Quality Fresh Eggs from
"Two Dog Farm"

We have no farm on our suburban acre in the Pacific Northwest, but we do have two dogs and several other pets which gets us teased by our friends, hence the "farm." From scouting BYC pages a long time I determined a coop must be individualized for each person's needs. Our coop needed to fit the following criteria:
1. Fit 3-6 hens.
2. Be safe from the many raccoons and coyotes in our area.
3. Be rainproof and have good drainage.
4. Fit within this area in our yard, as it meets property setback requirements (we have a driveway behind the coop,) is sheltered from the weather and less visible to neighbors, and I can see it and easily access it from the house.
5. Be tall enough for us to walk into to save on back stress.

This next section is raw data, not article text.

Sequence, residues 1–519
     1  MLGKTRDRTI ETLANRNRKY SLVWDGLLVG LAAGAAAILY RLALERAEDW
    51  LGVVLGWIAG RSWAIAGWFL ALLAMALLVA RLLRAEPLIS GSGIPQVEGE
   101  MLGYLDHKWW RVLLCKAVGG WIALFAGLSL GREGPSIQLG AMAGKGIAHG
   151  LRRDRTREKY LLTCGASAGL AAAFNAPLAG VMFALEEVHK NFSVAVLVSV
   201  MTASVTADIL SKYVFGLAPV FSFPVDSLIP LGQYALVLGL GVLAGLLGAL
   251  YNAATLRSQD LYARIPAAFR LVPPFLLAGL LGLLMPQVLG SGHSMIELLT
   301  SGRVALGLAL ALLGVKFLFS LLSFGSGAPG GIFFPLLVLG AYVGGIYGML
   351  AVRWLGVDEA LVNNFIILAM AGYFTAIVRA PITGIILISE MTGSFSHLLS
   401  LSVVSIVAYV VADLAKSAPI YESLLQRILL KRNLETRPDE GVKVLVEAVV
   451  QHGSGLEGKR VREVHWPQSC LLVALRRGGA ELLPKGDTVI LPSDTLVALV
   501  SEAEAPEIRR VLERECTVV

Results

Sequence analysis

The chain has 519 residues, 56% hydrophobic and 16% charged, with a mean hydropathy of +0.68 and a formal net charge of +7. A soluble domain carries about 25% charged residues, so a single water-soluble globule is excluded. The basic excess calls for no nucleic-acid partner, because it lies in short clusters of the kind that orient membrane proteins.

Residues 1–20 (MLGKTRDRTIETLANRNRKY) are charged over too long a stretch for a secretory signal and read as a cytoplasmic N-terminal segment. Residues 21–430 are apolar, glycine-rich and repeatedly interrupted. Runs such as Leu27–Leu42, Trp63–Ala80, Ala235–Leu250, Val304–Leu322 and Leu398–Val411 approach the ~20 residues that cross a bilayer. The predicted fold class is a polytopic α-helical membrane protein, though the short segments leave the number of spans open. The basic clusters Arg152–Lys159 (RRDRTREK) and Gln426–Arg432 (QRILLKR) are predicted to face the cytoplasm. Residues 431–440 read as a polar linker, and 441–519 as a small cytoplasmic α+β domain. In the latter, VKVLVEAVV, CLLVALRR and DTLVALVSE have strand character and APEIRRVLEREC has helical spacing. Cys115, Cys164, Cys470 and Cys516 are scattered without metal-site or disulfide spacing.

6. Be easy to clean.
7. Be attractive so as to prevent neighbor complaints (our acre is surrounded by housing developments).


The "brooder," a dog crate with cardboard around the edges in our laundry room! Better start work on that coop...


Our babies! Notice there are four...Lily the Rhode Island Red grew into a rooster and now lives happily with about 15 hens in Issaquah, where his crowing will not disturb any neighbors. We were sad to see him go, but he lives the good life at his new home.
Our total coop and run roofed area ("footprint") is 6x10 feet, with the actual coop being 3x6 feet. The design is basic and modeled after many fine coops already featured on the site!


This shows the foundation for the coop. Approximately 2" thick bricks were leveled with sand and placed around the perimeter.


The initial framing.


Outside mostly finished, no hardware cloth or plexiglass windows yet.


West side, unfinished. The window finished props open, with hardware cloth inside. It is primarily for ventilation, and is about 12"x24".


Here is the east side, unfinished.


The front of the coop (north side) unfinished. When you see the finished pictures, you can see how we blocked off the openings at the top of the run with siding.